Award for Luton Kickstart job star who worked with vulnerable youngsters

His outstanding performance working with vulnerable youngsters has won former Stopsley High student Lewis Braydon a coveted DWP Young People award.
Former Stopsley High student Lewis Braydon collects his DWP Young People awardFormer Stopsley High student Lewis Braydon collects his DWP Young People award
Former Stopsley High student Lewis Braydon collects his DWP Young People award

The 21-year-old, who’s employed in admin at the TOKKO centre for vulnerable young people, was hired via the government’s Kickstart scheme.

Lewis was already volunteering at TOKKO when he was offered the position.

He’d previously worked in construction but had ‘a long hard think’ about what he wanted to do when he went to the Job Centre and felt his future lay in being a youth worker.

Lewis, from Bushmead, explained: “My Mum has worked in a nursery all her life and maybe that’s where it came from.

"I’ve been involved in summer camps and really enjoyed football coaching.

"Working and volunteering at TOKKO has been really good and is just so rewarding. And knowing you’re good at something gives you a sense of purpose.”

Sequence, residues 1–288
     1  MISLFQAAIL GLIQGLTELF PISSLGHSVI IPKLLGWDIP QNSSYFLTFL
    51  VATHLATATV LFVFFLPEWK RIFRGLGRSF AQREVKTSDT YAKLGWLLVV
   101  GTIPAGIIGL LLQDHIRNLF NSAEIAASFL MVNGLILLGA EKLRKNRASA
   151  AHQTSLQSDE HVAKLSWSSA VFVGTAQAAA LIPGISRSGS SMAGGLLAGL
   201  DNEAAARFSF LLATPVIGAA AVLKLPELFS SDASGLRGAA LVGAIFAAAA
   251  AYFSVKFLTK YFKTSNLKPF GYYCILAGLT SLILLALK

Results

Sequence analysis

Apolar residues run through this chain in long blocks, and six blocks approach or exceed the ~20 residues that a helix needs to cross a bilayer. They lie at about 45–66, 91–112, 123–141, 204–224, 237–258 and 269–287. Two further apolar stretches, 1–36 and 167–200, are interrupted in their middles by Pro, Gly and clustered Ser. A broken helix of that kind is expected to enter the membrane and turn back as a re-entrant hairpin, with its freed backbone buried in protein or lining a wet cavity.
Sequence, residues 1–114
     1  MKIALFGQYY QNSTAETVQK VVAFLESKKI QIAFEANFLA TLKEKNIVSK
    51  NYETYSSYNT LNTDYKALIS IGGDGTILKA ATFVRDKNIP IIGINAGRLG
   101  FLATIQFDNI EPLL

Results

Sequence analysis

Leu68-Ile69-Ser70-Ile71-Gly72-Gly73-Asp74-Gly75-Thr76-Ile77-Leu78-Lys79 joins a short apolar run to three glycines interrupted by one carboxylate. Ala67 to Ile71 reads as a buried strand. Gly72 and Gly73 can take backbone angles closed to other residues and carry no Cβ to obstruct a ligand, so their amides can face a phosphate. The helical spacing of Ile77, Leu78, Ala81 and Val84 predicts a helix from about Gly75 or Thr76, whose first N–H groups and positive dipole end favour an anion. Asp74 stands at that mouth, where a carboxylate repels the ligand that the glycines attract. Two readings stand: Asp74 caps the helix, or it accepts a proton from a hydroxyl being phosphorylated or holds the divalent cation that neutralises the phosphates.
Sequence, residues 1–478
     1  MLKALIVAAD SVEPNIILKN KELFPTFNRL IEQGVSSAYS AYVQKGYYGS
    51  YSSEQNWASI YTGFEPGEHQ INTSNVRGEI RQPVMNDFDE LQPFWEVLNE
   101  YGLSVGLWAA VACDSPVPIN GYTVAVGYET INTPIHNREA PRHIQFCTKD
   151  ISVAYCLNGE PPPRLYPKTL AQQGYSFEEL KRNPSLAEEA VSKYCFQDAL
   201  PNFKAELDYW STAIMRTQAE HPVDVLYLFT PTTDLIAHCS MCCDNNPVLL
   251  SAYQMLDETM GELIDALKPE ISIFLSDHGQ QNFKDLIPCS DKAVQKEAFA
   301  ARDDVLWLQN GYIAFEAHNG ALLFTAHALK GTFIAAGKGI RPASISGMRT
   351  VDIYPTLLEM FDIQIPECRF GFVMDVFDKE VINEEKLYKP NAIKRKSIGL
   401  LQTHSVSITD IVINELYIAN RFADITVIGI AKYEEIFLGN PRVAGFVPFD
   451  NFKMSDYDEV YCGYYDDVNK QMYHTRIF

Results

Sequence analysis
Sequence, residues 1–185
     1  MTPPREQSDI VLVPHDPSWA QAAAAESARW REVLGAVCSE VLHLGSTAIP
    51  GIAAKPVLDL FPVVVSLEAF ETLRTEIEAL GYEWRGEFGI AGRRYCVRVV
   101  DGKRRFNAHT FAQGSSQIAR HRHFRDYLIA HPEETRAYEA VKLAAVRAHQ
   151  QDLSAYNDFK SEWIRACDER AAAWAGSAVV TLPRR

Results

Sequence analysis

He said he’d been quite surprised to be nominated but was very happy to win the award.

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Soon after hearing the news, however, he’d been told his six month contract at TOKKO would not be renewed because of funding problems.

Lewis admitted: “I went from high to low. But it will be good on my CV.”

DWP spokesperson Jasmin El Alami said: “The six- month Kickstart scheme is designed so young people can get the skills and experience they need to get the next role.

"With his enthusiasm and attitude I’m sure Lewis will do well.”

She added: “Recent research shows that seven out of 10 young people were in work four months after their placement ended. Any that aren’t will continue to be supported by their DWP Work Coach to get a job.”

> DWP’s Kickstart scheme has helped more than 17,000 young people in the South East to secure their first step on the career ladder.

It has worked with hundreds of employers to take on new talent, helping them create six-month paid-for roles so young people affected by the pandemic could get the vital work experience they needed.

It has also been a crucial help to businesses with many keeping young people on in permanent roles, including through apprenticeships.

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